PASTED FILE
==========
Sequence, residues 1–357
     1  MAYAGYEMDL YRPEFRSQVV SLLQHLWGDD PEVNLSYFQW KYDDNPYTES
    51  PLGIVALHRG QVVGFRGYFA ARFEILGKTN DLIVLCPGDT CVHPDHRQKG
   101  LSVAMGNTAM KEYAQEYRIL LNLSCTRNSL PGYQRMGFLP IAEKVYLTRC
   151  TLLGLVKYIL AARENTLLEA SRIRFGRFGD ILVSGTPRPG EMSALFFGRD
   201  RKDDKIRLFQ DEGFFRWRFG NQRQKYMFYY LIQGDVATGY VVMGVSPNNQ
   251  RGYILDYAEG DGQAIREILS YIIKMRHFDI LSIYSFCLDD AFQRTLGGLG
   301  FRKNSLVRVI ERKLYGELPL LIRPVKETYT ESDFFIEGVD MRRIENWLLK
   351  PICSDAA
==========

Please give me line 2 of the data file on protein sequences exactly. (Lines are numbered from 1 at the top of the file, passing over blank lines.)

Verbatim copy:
     1  MAYAGYEMDL YRPEFRSQVV SLLQHLWGDD PEVNLSYFQW KYDDNPYTES